Toronto Star – By
In the face of extraordinary Indigenous resistance to the Trans Mountain project, and without a trace of the tears that fell for reconciliation, Prime Minister Trudeau asserts that this infrastructure is “in the national interest and it will get built.”
Kinder Morgan is nothing less than reconciliation on trial. The company’s recent claims to the “untenable” economics of the Trans Mountain pipeline may derail the project for now, but there will be other pipelines, and the problem of jurisdiction will not go away.
Today, Justin Trudeau fights tirelessly to assert national jurisdiction to see the planned pipeline to completion. In the face of extraordinary Indigenous resistance to the Trans Mountain project, and without a trace of the tears that fell for reconciliation, Trudeau asserts that this infrastructure is “in the national interest and it will get built.”
Infrastructure development has always driven Indian policy in Canada, laying the blueprint for national economic ambition. Train and telegraph lines gave shape to the numbered treaties. Trade routes forged the navigation maps for roads and highways. Forts became settlements and cities. Infrastructure transformed homelands into frontiers of extraction leaving a meagre land base of 0.2 per cent of the country to Indigenous peoples.
When Canada was born in 1867, it barely existed as a physical space. To make it into a country, it needed land, and to access the land and bring it under settler control, it needed infrastructure.
Confederation was contingent on the building of national infrastructure — the Intercolonial Rail and the Canadian Pacific Rail (CPR) were conditions for provinces in signing the Constitution. The Constitution in turn authorizes national authority over the same infrastructure. The CPR, which John A. Macdonald deemed “the spine of the nation” was at once the materialization of Canadian claims to legal jurisdiction and the writ of dispossession for Indigenous land.
Colonial interpretations of treaty signing ceremonies were parsimonious at best. So-called land “surrenders” paved the way for the CPR, built not only through land thefts, but through exploited Chinese and Black lives and labour, and financed by Barings — a bank that reaped its wealth through the transatlantic slave trade. Revelstoke, a town built on unceded Secwepemc land, was named for the man who secured the funding through his family’s bank.
Secwepemc territory is now at the centre of another infrastructure project that is shaping the balance of power in Canada. Secwepemceluw in the south central interior of British Columbia is the largest contiguous length the proposed Trans Mountain pipeline will traverse.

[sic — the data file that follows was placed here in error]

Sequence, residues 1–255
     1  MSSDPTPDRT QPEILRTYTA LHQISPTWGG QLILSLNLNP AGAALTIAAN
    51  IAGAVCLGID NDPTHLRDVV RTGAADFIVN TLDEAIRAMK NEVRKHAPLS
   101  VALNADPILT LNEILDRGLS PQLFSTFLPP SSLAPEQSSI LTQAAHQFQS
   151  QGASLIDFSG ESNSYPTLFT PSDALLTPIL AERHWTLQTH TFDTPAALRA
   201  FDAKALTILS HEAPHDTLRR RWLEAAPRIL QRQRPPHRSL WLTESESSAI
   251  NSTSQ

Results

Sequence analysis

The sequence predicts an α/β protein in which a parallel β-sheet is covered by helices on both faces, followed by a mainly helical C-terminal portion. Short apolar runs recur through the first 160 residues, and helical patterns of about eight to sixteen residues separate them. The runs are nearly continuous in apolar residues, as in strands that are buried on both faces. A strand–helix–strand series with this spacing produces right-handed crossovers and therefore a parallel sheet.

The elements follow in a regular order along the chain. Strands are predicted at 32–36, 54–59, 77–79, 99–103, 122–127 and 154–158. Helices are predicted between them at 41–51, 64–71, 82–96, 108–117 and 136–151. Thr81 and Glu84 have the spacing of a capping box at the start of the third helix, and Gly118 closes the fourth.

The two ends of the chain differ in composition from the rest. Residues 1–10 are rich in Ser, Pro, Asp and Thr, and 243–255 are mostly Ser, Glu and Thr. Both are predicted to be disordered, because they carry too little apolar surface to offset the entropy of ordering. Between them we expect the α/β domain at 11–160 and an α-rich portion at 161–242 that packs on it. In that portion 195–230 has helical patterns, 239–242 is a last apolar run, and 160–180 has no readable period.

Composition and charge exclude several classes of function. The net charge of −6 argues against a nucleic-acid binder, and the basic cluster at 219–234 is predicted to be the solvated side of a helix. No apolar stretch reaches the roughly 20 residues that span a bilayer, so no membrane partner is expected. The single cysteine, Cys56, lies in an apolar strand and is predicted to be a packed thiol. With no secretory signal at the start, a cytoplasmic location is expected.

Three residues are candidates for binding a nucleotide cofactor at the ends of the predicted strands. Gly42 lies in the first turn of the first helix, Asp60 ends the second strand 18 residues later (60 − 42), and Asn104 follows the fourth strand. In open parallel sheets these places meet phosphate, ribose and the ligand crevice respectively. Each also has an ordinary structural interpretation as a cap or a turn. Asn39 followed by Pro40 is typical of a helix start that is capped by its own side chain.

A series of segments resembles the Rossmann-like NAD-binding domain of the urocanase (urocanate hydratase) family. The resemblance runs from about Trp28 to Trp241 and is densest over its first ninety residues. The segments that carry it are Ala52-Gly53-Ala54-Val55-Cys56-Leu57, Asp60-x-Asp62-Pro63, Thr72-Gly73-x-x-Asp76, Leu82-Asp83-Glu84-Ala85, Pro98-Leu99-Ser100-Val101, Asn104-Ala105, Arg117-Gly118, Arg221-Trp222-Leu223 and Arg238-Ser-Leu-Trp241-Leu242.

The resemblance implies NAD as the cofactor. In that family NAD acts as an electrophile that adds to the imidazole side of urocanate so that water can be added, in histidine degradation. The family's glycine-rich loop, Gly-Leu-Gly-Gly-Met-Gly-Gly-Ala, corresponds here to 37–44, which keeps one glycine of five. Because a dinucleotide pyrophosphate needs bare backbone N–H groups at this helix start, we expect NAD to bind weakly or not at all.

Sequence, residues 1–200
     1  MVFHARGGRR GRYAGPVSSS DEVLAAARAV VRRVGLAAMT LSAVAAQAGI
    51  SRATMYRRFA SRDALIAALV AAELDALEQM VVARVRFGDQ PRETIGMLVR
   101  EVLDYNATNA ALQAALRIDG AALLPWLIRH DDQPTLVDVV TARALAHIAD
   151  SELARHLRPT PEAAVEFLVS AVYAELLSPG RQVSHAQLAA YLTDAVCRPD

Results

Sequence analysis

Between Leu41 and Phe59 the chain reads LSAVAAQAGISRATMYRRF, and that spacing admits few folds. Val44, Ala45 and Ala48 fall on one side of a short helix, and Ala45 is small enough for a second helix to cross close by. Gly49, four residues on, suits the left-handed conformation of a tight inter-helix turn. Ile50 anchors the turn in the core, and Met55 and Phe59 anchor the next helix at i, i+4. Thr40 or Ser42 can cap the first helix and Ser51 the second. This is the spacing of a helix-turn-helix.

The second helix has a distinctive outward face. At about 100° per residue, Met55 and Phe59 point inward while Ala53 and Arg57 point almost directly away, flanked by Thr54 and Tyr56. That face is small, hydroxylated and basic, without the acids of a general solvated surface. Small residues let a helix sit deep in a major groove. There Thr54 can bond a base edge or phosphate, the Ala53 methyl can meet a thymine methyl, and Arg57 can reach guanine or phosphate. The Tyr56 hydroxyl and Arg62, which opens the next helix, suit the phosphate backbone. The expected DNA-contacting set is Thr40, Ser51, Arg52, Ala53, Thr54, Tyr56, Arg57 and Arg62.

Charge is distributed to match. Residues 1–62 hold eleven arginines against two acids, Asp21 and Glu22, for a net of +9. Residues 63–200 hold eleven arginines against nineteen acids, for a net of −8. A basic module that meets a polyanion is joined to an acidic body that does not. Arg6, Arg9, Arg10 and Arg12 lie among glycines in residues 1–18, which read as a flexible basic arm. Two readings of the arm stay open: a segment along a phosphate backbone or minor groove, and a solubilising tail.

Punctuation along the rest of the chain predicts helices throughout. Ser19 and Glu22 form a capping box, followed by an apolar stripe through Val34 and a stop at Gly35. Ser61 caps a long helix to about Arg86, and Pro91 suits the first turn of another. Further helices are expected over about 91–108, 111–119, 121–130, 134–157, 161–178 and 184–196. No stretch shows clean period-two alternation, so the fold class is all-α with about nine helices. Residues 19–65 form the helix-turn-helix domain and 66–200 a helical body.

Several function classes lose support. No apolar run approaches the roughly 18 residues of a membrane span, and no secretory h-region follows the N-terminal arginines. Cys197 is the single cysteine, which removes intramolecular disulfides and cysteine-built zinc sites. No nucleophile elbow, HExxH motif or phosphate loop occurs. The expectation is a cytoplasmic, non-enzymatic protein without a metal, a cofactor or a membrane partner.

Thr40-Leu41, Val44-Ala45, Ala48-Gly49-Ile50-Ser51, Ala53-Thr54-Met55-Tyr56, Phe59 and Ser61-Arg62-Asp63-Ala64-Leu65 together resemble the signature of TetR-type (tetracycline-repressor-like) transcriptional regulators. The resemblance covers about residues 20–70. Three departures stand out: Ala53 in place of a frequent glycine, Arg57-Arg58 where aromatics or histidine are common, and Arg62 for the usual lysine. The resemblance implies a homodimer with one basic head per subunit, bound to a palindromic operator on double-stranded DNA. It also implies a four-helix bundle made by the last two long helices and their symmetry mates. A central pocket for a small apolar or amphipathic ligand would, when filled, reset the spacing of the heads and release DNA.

Historically and in the present, it is through the claim to jurisdiction — and the materialization of these claims through infrastructure — that Canada attempts to “replace” established Indigenous legal systems with their own.
Those who work in the construction sector rely on this “colonial infrastructure” to survive. But these jobs are short-lived and pit the vulnerability of resource sector workers against Indigenous peoples in a tradition of Canadian economic policy that fails to reconcile profit with ecological integrity and respect for Indigenous governance over their lands, territories, and resources.
One of the more creative efforts to stop the pipeline unfolds in the Secwepemc’s Tiny House Warriors: Our Land is Home project. Building on long histories of resistance, land and water defenders are constructing tiny houses and placing them along the pipeline route on their territory, “to assert Secwepemc Law and jurisdiction and block access to this pipeline.”
Here we see precisely the refusal of settler colonial infrastructures, but also the realization of Indigenous sovereign acts of jurisdiction.
Will Canada cling to this 150-plus-year-old strategy of asserting jurisdiction over Indigenous lands through the making of infrastructure, or will we honour the promises of reconciliation and shared decision-making? The time for real reparations is at hand.
Deborah Cowen is a 2016 Pierre Elliott Trudeau Foundation Fellow and associate professor of geography at the University of Toronto. Shiri Pasternak is an assistant professor of criminology at Ryerson University and the research director of the Centre for Indigenous Governance.